Checking Work Emails at Home? It's Part of the Job for Most Americans
Checking emails at home is just part of the job for most Americans, who would also prefer to receive money rather than more paid vacation or sick days, according to a poll.
More than half of adults questioned in a 60 Minutes/Vanity Fair survey said monitoring emails outside office hours was routine, compared to 38 percent who said it was unnecessary.
But younger Americans were more willing to keep in touch on work issues at home. Nearly 70 percent of employees under 30 years old said it wasn't a problem but the number dropped to 52 percent for workers 30 and older."Americans are definitely workaholics," Cullen Murphy, editor-at-large for Vanity Fair, said in an interview. "Maybe the overall message of this poll is that there is a kind of bedrock faith in the idea that working hard pays off."
Most Americans, given the choice when starting a new job, said they would prefer an extra $20,000 rather than four more weeks of vacation. Only 32 percent would opt for the extra time.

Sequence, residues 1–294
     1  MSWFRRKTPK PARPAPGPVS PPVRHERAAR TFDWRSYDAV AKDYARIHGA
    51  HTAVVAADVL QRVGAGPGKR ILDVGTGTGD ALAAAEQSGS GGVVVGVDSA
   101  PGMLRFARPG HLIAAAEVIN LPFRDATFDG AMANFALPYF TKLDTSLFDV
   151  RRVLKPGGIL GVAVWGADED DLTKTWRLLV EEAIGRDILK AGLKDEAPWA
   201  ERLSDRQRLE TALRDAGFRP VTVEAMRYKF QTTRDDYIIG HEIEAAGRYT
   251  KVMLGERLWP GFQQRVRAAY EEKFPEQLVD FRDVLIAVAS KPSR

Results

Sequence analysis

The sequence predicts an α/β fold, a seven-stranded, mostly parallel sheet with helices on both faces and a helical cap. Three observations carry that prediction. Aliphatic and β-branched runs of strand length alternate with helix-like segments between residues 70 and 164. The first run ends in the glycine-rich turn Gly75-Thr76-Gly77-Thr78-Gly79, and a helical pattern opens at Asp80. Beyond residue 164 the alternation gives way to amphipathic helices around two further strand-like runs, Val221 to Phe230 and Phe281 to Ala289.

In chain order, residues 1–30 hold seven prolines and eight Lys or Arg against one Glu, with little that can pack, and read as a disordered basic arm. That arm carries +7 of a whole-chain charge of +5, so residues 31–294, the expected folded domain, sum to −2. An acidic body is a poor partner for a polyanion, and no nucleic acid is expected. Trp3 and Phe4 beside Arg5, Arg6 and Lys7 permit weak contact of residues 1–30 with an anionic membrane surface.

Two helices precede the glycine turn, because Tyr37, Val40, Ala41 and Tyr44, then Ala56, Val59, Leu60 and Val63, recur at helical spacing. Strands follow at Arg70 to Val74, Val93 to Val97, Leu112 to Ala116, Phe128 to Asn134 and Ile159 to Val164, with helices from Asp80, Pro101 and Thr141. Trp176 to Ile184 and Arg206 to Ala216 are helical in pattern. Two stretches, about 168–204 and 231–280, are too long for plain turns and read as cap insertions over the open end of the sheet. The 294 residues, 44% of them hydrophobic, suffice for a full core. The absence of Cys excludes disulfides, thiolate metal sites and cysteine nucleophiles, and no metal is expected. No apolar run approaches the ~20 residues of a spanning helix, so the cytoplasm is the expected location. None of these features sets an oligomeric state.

Sixty three percent of U.S. workers said they would choose getting paid for leftover sick days, rather than having time off for them.
When questioned about whether working men or women with children have a healthier work-life balance, 51 percent said women did, compared to 37 percent who said it was men.
If Americans did have some spare time, 30 percent said they looked for work to do to occupy themselves and an equal number said they used the free hours to exercise.
"They not only look for things to do. They look for things to do that are work related," said Murphy. "For me, it plays into a national characteristic of being busy, being productive and improving yourself."
Only 20 percent said they would use the free time to read.
If Americans could choose which kind of additional time off they could have, 26 percent said they wished they could take more vacations without kids and 23 percent would prefer more maternity/paternity leave.
But perhaps the most telling question in the poll was the choice of which animal was most like them. More than half selected worker bee, over butterfly or shark, and only four percent identified with sloth.
One thousand adults were questioned in the telephone poll which has error rate of plus or minus 3 percentage points.
(Editing by Piya Sinha-Roy and Andrew Hay)